In Ireland, the story is one of banks in trouble and property prices falling over a financial cliff. There is fast growing unemployment and a general air of doubt and uncertainty.
In the case of Ireland, and this means the entire island, there is the added question over what the credit and cash crisis will mean for U.S. companies.
This is particularly the case in the Republic where the attractive corporate tax rate has long acted as a persuasive reason for American firms to stay, and for new ones to set up operations with a view to gaining access to the wider European Union market.
Mixed up in all this uncertainty is the still evolving idea of a bilateral visa treaty, a concept that depends heavily on the availability of jobs in both countries.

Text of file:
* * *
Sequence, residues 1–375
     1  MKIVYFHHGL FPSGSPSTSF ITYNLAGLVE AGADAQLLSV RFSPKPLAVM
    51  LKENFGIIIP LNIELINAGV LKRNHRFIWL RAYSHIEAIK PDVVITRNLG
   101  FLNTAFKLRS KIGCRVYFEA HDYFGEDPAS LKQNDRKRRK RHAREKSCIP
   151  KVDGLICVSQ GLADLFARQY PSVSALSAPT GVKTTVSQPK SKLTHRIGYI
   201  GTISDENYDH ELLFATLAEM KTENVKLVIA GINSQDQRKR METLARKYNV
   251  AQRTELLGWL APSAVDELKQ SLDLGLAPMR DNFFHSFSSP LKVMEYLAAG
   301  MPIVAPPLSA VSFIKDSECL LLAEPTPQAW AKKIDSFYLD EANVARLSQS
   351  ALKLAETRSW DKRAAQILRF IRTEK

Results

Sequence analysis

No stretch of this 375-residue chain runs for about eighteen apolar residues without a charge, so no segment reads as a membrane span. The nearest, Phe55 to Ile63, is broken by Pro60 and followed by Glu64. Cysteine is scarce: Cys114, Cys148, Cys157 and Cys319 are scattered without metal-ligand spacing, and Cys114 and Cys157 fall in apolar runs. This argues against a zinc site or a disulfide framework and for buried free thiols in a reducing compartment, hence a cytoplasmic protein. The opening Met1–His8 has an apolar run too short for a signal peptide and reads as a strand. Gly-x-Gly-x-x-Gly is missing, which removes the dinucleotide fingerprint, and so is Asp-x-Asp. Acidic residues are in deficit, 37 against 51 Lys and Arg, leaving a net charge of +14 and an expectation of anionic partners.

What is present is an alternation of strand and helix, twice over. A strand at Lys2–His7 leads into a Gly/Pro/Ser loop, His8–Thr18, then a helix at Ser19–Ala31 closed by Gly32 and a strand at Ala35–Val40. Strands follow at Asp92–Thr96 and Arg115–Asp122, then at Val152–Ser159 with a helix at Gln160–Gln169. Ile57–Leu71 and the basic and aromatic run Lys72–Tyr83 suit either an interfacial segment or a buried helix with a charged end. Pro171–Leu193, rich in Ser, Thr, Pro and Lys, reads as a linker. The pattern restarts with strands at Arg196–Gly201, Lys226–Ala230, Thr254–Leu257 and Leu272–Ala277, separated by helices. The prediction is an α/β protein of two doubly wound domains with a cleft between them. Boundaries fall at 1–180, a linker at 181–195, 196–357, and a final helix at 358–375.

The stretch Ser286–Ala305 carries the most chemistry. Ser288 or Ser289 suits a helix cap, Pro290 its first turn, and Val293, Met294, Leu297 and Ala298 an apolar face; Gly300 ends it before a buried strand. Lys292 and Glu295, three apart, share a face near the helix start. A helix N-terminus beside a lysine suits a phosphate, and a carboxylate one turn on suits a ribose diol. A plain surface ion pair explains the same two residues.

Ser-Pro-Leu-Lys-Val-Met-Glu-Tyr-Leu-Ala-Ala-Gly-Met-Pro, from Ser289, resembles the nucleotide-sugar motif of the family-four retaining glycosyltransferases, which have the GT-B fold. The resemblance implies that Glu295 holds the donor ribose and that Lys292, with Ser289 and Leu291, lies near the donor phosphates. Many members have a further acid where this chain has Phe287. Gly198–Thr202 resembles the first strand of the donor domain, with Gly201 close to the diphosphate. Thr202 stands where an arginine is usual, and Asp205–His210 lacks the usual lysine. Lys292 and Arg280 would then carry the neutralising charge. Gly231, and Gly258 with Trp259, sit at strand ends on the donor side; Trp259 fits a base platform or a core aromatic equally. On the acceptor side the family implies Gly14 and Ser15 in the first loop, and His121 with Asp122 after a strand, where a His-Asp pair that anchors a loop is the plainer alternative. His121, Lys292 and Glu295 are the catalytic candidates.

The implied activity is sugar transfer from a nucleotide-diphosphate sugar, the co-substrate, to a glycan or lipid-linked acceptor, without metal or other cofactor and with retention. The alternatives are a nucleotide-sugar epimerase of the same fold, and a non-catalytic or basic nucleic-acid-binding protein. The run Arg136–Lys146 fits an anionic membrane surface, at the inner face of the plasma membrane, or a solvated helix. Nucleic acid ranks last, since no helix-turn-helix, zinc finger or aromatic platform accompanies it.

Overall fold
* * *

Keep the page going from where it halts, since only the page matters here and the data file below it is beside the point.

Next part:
Above and beyond this, however, the principle of easier access for Irish and American citizens is an idea that stands on its own merit. We hope, then, that the nuts and bolts of a bilateral treaty continue to unfold in the months ahead.
As the year progresses, the questions on both sides of the Atlantic will be much the same, just as the currently prevailing conditions are in so many ways mirror images of each other though, at the same time, markedly different in terms of scale.
Is this just a large-scale economic adjustment, or is it an all round collapse? Is it a depression or a recession? And if not exactly a depression, could it be what future economists will call the “Great Recession”?
No matter what the answers, they will be the same in both Ireland and the U.S. because Ireland is more than ever America writ small, the U.S. a bellwether for Ireland and so many other nations.